Maybe Micro-Transactions And Action Wasn’t A Good Idea For Dead Space 3
Since the launch of Dead Space 3 and Crysis 3, one game has sold double the amount of the other. And yes, it’s the one with micro-transactions.
Dead Space 3 launched two weeks before Crysis 3, where sales for the two games sits at 605,000 for Dead Space 3 and 260,000 for Crysis 3–in February. Two weeks of extra sales really amounted to that much of a change.
- Batman: Arkham Knight Has A Serious, Inexplicable Glitch With Its Ending | 4 weeks ago
- Life, The Universe And Gaming: PC Master Race Vs Console Peasant – Dawn Of The Hybrid | 4 weeks ago
- Review: Batman Arkham Knight Is The Best Disappointment I’ve Ever Had | 4 weeks ago
- Send Bottlecaps, Get Game | 4 weeks ago
Perhaps it was the “bad” publicity of micro-transactions.
To compare the games, 2.94-million people invested in Crysis 2, where only 2.85-million invested in Dead Space 2. That means that Crysis is the more popular franchise. Following that, Crysis 2 scored an average of 85 on Metacritic were Dead Space 2 scored 88. It’s basically the exact same score.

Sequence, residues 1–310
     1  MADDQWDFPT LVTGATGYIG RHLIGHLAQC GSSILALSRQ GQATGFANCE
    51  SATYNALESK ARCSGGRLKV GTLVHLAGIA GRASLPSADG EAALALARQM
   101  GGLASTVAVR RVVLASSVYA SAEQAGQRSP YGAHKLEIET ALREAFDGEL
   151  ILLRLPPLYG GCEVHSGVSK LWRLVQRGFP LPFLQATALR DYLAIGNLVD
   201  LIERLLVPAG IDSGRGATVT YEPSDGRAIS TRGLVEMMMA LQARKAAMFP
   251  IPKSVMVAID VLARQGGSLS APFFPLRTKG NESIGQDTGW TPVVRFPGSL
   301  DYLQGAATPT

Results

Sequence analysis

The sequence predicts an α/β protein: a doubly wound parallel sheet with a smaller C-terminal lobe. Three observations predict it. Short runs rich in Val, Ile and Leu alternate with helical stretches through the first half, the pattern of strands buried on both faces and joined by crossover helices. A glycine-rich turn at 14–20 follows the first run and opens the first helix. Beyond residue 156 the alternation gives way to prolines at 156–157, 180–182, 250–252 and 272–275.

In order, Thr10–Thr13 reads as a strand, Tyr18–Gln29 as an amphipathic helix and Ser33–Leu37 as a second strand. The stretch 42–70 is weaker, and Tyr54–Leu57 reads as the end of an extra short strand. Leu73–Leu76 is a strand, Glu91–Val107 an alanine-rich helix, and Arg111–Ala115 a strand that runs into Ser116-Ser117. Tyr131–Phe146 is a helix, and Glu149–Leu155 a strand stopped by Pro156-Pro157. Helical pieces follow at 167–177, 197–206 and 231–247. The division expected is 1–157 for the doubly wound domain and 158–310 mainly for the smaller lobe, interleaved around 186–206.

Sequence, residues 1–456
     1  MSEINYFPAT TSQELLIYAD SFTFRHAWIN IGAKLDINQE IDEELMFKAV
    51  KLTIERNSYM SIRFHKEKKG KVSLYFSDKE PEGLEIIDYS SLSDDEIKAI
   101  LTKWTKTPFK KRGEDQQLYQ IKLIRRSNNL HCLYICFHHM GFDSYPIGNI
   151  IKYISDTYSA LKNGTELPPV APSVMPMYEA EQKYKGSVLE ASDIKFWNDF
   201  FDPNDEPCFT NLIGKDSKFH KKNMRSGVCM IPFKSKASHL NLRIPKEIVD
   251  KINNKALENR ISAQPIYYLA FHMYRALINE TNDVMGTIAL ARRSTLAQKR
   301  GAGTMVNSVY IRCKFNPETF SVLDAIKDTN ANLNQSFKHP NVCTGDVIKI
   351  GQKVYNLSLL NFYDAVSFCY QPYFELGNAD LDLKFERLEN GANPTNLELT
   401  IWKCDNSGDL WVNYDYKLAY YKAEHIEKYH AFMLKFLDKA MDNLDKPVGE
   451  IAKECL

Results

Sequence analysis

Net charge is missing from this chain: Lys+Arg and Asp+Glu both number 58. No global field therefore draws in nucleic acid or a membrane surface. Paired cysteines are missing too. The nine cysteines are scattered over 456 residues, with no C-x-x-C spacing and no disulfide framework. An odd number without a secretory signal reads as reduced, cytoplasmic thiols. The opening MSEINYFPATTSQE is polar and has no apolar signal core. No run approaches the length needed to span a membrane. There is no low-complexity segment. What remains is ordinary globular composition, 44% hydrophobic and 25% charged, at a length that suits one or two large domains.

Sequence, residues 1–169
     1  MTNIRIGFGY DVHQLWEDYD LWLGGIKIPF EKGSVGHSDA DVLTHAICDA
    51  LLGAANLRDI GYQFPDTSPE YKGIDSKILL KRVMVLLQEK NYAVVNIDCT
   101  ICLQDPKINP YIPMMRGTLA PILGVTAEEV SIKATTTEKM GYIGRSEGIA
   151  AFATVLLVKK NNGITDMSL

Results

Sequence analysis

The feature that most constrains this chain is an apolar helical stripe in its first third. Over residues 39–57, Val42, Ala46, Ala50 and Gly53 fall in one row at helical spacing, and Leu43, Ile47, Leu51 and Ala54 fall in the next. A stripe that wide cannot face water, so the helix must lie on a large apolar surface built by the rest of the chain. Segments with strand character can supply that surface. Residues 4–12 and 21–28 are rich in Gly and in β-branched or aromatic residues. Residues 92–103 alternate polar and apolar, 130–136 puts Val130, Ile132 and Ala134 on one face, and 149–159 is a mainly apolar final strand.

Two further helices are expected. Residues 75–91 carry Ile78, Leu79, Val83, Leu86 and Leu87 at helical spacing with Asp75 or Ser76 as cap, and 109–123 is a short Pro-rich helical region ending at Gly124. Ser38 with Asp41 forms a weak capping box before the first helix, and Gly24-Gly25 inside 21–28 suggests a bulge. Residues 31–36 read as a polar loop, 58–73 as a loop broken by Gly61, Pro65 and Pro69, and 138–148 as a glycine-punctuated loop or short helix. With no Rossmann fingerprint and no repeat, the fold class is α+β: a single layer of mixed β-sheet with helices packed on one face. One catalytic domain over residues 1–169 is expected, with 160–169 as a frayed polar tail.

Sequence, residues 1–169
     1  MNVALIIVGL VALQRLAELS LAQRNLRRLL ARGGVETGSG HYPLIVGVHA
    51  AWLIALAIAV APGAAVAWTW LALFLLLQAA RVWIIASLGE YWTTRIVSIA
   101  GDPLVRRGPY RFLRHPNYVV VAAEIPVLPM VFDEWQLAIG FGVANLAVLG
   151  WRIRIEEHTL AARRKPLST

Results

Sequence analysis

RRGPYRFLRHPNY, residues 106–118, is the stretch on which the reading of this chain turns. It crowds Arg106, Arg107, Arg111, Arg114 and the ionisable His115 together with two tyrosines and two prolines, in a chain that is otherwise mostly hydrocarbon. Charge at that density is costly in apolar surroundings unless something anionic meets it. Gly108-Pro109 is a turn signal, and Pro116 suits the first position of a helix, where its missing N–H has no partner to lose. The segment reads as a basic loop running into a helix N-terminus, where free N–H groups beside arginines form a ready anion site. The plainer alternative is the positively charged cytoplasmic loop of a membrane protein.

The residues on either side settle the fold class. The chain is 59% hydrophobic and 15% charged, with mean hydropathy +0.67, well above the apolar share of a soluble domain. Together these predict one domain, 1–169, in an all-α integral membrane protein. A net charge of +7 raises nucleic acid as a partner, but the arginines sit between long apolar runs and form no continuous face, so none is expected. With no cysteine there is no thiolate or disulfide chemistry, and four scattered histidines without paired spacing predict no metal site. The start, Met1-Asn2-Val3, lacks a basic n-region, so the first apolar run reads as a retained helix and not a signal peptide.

Dead Space 3’s sales is 26.6% worse than that of Dead Space 2, as it stands. Perhaps micro-transactions and a more ‘action-orientated’ outset wasn’t a good idea. Maybe it was something else.
Crysis 3’s sales seem to be a little better than Dead Space 3, if you assume that the sales for the games were spread out evenly for the days they were released. It seems review scores for predecessors aren’t that important, too.
Previously on eGamer, we’ve spoken about micro-transactions quite a bit. We’ve had contrasting views from authors. My belief is that it isn’t that bad–it offers something to players who want it, and leaves those who don’t want it alone. It works both ways.
The main argument about it is, “it breaks immersion.” Fair enough, that is somewhat true, however is that really such a problem? Saying “Press X” isn’t really going to change much and break much immersion.
We’ve had worse things.
I for one find that killing hordes and hordes of enemies to be a worse thing than micro-transactions. That’s just a cop-out to make games longer than they should be. More enemies, same price.
Companies want to make money, and the only way to maximise on a limited-playability game is to add something like micro-transactions. Best part, you don’t need to participate.